Tackling socioeconomic differences in weight development among youth
The project aims to explore when, how and why socioeconomic differences in body weight develop during childhood. It will also investigate multilevel determinants of lifestyle behaviors and body weight among adolescents focusing on the role of the neighborhood food and activity environments.
About the project
The project aims to explore the longitudinal development of inequalities in body weight between birth and 14 years of age and identify important mediators of these inequalities. Using advanced statistical modeling applied to high quality longitudinal data, the effects of hypothetical interventions on body weight and inequalities of body weight will be assessed. To explore the understudied effects of neighborhood physical characteristics on health behaviors and body weight among youth, a combination of approaches (qualitative and quantitative) will be used. Related social inequalities will be assessed and mechanisms explored.
1. To explore the longitudinal development of socioeconomic differences in body weight among a cohort followed from birth to 14 years of age and assess mediators of these socioeconomic differences
2. To assess the impact of hypothetical interventions on these socioeconomic differences using causal inference methods
3. To explore parents' and adolescents' perspectives of barriers and facilitators of healthy lifestyle behaviors focusing on neighborhood food and activity environments
4. To map food and activity environments and explore their effects on lifestyle behaviors and body weight (and inequalities) among adolescents in Oslo using a multilevel cross-sectional study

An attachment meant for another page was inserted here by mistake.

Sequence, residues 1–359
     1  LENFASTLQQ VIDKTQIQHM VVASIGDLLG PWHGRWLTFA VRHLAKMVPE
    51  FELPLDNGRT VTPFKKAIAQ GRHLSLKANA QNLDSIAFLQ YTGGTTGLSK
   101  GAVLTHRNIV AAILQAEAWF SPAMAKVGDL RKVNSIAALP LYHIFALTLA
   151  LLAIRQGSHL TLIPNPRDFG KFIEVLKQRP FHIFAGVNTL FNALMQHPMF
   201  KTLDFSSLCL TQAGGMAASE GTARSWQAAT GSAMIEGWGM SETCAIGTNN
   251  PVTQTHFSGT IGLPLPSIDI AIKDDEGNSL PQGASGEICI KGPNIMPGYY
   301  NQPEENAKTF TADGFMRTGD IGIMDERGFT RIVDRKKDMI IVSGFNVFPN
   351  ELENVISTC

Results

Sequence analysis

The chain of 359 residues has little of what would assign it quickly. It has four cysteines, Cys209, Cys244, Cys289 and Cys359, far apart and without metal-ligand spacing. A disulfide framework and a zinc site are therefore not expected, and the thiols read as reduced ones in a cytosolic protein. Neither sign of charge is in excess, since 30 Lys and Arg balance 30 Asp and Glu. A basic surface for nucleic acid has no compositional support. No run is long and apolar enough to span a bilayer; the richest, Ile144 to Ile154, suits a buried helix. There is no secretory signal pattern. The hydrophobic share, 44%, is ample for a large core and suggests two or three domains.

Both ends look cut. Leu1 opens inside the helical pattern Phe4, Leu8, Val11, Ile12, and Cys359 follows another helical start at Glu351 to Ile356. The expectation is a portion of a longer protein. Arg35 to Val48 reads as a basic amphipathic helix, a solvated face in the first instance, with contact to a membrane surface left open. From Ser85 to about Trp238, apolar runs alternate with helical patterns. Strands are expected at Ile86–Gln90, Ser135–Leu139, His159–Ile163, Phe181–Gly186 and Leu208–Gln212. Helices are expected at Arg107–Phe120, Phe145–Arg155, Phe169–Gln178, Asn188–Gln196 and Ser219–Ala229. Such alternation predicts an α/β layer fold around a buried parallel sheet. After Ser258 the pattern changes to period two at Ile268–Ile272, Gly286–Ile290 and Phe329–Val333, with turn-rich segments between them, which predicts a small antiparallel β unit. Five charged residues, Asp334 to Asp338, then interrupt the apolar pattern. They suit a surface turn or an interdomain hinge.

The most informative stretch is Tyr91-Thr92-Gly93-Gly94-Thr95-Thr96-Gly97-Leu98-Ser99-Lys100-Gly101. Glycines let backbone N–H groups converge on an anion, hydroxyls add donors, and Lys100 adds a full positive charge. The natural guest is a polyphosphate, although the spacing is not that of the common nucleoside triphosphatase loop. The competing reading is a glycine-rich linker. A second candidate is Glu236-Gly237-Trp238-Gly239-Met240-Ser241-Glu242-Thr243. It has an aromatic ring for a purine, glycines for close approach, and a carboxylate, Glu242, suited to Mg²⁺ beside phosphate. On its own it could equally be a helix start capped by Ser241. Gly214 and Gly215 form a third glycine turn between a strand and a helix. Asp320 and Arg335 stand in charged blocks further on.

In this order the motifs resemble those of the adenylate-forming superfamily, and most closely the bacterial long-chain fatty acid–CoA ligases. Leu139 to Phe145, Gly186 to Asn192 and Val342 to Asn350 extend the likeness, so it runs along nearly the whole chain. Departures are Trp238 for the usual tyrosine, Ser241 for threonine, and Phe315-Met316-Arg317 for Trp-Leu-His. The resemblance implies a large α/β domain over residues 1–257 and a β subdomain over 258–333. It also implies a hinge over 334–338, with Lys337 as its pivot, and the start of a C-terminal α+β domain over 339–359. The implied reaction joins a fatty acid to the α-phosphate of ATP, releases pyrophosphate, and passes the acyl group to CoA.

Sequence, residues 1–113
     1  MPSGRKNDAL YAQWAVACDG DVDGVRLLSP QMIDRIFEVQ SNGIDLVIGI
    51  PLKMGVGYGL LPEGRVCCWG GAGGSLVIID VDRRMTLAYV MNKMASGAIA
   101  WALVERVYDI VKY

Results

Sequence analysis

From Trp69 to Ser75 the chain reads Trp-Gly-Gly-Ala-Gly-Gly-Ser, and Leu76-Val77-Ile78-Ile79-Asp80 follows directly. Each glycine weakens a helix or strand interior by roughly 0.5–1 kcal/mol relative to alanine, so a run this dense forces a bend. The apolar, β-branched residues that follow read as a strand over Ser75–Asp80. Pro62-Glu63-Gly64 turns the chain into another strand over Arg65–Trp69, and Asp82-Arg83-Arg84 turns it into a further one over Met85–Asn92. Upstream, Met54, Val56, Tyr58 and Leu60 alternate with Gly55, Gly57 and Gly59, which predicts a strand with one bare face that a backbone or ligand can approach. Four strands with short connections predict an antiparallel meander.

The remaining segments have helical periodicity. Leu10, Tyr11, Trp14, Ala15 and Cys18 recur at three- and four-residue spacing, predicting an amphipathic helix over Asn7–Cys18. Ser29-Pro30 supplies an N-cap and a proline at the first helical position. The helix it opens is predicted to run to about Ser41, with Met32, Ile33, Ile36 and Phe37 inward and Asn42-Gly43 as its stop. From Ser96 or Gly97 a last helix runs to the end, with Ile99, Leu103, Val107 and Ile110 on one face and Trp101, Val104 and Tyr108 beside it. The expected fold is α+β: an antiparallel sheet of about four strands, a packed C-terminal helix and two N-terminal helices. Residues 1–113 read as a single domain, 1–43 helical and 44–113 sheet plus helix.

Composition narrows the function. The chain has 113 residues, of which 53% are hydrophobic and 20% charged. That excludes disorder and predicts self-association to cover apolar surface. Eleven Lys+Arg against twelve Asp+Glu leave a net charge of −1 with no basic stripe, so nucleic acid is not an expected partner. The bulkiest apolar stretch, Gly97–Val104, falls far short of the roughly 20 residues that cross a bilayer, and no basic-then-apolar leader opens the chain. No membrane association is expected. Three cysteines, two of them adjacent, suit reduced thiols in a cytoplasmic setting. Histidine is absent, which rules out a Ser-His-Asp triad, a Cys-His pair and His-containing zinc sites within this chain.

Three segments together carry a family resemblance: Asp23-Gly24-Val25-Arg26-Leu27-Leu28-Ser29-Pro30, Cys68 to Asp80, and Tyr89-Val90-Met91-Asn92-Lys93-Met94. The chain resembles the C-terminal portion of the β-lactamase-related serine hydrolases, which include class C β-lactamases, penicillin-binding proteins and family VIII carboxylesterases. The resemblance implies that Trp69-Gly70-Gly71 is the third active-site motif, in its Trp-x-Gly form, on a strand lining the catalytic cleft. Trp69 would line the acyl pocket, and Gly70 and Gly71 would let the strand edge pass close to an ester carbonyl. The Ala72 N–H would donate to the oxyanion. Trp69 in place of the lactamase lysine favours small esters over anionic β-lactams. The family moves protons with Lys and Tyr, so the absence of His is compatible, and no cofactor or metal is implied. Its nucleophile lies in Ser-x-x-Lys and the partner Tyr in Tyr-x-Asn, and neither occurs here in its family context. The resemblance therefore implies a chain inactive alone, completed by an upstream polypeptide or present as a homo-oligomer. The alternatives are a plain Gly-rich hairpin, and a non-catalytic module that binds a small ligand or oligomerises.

Overweight and obesity are a significant public health challenge globally, and disproportionately affect those with a low socioeconomic position in developed countries. Despite an increasing commitment at national and international levels, reducing these inequalities has proved challenging, even in settings considered as egalitarian such as Norway. Such inequalities are particularly problematic among children because of both short and long-term consequences, contributing to a vicious circle of inequalities in health. To address this challenge, there is a need to understand when, how and why these inequalities occur and develop throughout childhood. It is also of utmost importance to explore the understudied modifiable factors that contribute to unfavorable health behaviors leading to overweight and obesity and associated inequalities.
- Sub-project 1: Secondary analyses of data from the Norwegian Mother and Child Cohort Study
- Sub-project 2: Qualitative survey among adolescents and their parents; development and validation of an environmental mapping tool (food and activity environments)
- Sub-project 3: Cross-sectional multilevel school-based survey among adolescents living in neighborhoods with different levels of affluence
The Research Council of Norwegian - BEDRE HELSE program
- University of Bergen
- Norwegian Institute of Public Health
- Norwegian School of Sports Sciences
- University of California, Los Angeles
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